Apathy Jack writes:
So, I decided I would compile a top five list: Albums To Have A Nervous Breakdown To. (Look, the government gives me long holidays, I have to do something to keep my mind occupied...)
In no particular order, here we go:
The Loneliest of Creatures – Dr Kevorkian and The Suicide Machine
Probably the bleakest record I’ve ever heard, this concept album tells the tale of a space probe billions of miles from Earth. It sees an Earth-like planet, and attempts to make contact with Houston to send back the information. There is no reply, maybe because the probe is too far out, maybe because Houston is no longer listening, or maybe because there’s no one left on Earth to receive the signal. Running out of power, the probe sends one last message back to Earth, then dies alone in space.
Of the six tracks on The Loneliest of Creatures, only two have vocals, and there is even a paucity of actual instruments at times, much of it being composed of ambient noise of various sorts. And it’s still the saddest goddamn thing I’ve ever heard.
Sometimes I listen to the Dr Kev album The Ironman as I go to sleep. I once substituted The Loneliest of Creatures.
I’m not in any hurry to have those dreams again...
Music To Crash Cars To – Deathboy
If your taste for the bleak needs more in the way of lyrics, this album may be what you’re looking for. With the relentlessly cheerful We Will Destroy to kick the album off, it isn’t long before Scott Deathboy is singing “I want to knife a pop star, I want to rape a girl band, I want to kill on TV, to make you understand”.
This album also contains the single most depressing song I’ve ever heard: The hideously upsetting Lost Again.
Sweet Heart Dealer – Scarling
I wracked my brain trying to describe this EP, but the best I could come up with was that if a small girl was brutally killed, then came back not quite right, and was very angry about a lot of things, and decided to form a band, it would probably be Scarling.
However, poking around their website, I found a quote from someone called Alternative Press that sums it up even better: “Scarling sounds like being French- kissed by the most beautiful beings in the world, and then being unable to stop the bleeding.” I still wince a little every time I listen to Band Aid Covers The Bullet Hole – and I’ve listened to it a lot of times...
Come In And Burn – The Rollins Band
Here it is, on the news
Someone I know is now someone I knew.
Can’t believe it happened again.
Henry Rollins, as those familiar with his work will know, is not a happy man, and this, to my mind, is the album that most directly points this out.
Songs like Starve and Inhale Exhale are about bettering oneself, but there is never any pretense that improvement is not necessary: He must improve himself because he is not good enough. More directly than any of the others I’ve mentioned, this is an album about loneliness, self-loathing and desperation, presented in as angry a way as is humanly possible.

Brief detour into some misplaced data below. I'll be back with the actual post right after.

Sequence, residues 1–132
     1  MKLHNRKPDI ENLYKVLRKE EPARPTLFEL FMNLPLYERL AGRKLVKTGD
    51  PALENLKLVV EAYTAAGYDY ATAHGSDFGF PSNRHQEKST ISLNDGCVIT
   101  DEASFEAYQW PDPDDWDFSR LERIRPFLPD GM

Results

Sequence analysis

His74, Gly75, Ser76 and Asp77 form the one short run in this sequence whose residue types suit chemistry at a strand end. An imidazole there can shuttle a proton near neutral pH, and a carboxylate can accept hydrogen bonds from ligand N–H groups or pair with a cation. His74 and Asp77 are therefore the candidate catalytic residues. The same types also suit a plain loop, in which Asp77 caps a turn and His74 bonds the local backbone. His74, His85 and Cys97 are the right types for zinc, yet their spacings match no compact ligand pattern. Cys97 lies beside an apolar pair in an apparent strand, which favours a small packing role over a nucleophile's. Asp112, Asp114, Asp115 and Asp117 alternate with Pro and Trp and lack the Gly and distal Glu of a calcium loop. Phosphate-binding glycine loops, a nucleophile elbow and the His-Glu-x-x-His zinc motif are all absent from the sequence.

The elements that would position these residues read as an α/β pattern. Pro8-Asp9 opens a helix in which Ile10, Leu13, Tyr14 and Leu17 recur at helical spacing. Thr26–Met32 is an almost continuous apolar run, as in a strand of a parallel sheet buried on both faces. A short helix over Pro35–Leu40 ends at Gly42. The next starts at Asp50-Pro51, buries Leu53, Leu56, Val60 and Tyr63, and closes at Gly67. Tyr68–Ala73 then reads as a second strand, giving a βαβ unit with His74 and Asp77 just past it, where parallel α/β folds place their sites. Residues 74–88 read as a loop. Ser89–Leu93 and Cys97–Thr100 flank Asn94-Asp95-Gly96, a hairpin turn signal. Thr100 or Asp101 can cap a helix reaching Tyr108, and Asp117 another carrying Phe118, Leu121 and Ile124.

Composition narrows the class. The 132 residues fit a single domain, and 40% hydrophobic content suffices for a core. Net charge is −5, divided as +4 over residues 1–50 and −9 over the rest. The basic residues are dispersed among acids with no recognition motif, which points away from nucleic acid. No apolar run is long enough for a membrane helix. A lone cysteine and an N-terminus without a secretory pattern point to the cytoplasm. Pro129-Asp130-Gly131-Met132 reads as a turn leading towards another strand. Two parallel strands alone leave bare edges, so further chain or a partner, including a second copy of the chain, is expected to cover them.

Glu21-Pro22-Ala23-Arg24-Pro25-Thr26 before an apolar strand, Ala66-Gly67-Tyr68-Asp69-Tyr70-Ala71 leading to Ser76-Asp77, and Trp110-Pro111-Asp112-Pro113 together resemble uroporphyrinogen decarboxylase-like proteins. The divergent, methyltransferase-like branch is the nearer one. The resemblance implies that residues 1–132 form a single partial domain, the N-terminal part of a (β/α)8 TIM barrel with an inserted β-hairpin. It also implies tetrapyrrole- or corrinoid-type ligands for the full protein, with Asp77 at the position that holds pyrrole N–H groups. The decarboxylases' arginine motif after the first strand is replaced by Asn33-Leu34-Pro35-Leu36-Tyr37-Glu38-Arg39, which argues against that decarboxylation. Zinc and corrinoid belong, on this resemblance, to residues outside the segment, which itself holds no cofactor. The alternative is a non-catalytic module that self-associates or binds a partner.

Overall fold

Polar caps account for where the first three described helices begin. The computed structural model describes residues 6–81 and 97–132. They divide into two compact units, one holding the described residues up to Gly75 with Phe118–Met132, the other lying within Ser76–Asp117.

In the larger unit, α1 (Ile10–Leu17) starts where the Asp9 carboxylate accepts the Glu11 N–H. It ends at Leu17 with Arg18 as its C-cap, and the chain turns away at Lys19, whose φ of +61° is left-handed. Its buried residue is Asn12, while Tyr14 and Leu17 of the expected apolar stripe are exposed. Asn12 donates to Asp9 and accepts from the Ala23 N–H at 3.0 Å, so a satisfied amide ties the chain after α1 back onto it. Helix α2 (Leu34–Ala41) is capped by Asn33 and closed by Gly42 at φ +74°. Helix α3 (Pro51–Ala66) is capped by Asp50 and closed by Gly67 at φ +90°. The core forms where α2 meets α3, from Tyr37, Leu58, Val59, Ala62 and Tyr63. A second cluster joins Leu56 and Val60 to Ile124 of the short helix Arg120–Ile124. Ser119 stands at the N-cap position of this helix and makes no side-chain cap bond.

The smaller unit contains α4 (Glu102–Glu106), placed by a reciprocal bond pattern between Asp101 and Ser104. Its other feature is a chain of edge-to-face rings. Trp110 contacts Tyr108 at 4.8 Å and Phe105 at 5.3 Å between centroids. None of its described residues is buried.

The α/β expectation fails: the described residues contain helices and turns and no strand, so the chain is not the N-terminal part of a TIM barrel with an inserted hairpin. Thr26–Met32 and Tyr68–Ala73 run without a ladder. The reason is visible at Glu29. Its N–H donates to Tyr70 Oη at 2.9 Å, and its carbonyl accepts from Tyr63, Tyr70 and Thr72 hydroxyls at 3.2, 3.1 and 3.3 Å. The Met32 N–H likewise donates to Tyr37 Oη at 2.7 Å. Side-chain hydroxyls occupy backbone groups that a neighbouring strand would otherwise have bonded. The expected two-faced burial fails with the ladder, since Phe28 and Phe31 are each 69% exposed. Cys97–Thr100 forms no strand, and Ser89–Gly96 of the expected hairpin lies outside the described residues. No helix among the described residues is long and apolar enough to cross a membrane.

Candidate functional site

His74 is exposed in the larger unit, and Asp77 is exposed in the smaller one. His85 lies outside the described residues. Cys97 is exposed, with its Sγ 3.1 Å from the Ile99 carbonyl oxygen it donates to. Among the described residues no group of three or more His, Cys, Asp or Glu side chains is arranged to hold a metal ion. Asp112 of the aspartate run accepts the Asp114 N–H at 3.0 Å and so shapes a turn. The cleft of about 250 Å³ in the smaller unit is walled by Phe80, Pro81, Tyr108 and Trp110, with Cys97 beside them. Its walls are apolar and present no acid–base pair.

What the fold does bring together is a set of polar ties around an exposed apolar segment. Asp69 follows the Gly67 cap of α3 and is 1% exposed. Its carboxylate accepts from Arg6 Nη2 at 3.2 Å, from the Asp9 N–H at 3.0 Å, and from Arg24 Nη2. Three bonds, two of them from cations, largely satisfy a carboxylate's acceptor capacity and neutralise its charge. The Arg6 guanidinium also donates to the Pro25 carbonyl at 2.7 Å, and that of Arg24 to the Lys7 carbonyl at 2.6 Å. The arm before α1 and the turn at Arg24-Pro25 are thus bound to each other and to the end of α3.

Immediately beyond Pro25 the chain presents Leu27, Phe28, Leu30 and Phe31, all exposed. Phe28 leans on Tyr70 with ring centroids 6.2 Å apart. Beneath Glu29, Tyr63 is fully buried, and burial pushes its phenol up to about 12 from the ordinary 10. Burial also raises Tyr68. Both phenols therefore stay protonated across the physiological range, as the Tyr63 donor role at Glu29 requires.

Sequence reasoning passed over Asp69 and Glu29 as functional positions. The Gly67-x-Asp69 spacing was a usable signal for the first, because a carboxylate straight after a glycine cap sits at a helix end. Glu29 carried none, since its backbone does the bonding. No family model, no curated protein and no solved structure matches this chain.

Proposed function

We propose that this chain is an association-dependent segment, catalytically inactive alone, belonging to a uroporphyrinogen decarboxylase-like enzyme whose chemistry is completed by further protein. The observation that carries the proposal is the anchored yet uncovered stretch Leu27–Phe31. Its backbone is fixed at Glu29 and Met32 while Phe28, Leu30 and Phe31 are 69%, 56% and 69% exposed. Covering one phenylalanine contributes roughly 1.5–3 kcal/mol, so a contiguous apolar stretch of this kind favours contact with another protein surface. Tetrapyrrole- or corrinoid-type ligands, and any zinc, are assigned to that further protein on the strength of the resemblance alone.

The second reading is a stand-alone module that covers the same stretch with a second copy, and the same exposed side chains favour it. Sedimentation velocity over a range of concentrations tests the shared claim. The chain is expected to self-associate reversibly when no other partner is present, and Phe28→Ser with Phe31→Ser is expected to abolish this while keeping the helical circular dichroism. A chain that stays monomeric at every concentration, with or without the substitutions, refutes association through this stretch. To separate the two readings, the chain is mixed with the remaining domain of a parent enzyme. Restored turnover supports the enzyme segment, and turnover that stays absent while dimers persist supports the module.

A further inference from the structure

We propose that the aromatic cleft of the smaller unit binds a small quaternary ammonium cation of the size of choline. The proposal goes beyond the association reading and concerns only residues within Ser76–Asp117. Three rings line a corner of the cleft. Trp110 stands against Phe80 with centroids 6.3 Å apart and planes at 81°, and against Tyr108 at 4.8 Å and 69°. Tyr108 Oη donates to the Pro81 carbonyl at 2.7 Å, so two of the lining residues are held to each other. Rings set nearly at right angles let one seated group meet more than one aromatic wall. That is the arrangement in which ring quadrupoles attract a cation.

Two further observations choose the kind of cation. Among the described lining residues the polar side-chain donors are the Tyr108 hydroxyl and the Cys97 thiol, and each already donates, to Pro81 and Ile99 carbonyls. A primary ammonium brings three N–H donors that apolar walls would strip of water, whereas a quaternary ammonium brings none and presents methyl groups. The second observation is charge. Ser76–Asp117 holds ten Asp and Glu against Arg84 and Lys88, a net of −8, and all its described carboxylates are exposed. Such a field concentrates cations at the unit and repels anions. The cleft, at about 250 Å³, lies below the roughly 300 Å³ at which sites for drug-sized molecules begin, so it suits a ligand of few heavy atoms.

Now, of course, I come up against a wall. I only have four albums for this supposed top five. For a while, I was considering Rust: A Fiction, by The Mercy Cage, which is certainly a very dark record. But, really, in terms of sound-tracking a Nervous Breakdown, the only real contender is the horribly, horribly depressing Needle Marks (and Scars) – easily the second most depressing song I’ve ever heard (between Lost Again and Band Aid Covers The Bullet Hole). The rest of the album reminds me of nothing so much as being alone in a small dark room when it’s raining outside, but the other tracks don’t jump out at me in as distinctive a way.
So, here’s where it gets interactive: School starts again shortly, and, as we all know, my poor coping mechanisms mean I fold like a bad hand of poker at the first sign of stress. So what should I be listening to as I do so? What should I be singing to myself over and over again while I hide under my desk and pull out clumps of my own hair and possibly the hair of others?
I’ll buy whichever CD gets the most compelling recommendation.
(Sundries: I’m interested primarily in whole albums. Sure, even the examples I mentioned have a few tracks each of dead air, but I’d prefer there to be a majority of tracks that fit the criteria, rather than “This one song...”. Also, it would help if this was something I could get at Borders or Real Groovy. Shinjuku Thief’s second album is probably terribly upsetting, but I can’t lay my hands on a copy without effort, and I don’t like effort...)